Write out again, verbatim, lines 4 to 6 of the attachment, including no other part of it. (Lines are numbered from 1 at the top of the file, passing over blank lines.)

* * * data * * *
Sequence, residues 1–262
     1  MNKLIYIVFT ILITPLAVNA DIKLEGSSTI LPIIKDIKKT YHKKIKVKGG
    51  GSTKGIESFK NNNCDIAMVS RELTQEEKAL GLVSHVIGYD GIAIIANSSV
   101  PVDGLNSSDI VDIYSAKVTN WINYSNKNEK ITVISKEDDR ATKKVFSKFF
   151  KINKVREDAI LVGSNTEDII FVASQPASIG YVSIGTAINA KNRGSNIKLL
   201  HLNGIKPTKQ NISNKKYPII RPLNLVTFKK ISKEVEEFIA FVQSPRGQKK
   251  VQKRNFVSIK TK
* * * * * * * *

   101  PVDGLNSSDI VDIYSAKVTN WINYSNKNEK ITVISKEDDR ATKKVFSKFF
   151  KINKVREDAI LVGSNTEDII FVASQPASIG YVSIGTAINA KNRGSNIKLL
   201  HLNGIKPTKQ NISNKKYPII RPLNLVTFKK ISKEVEEFIA FVQSPRGQKK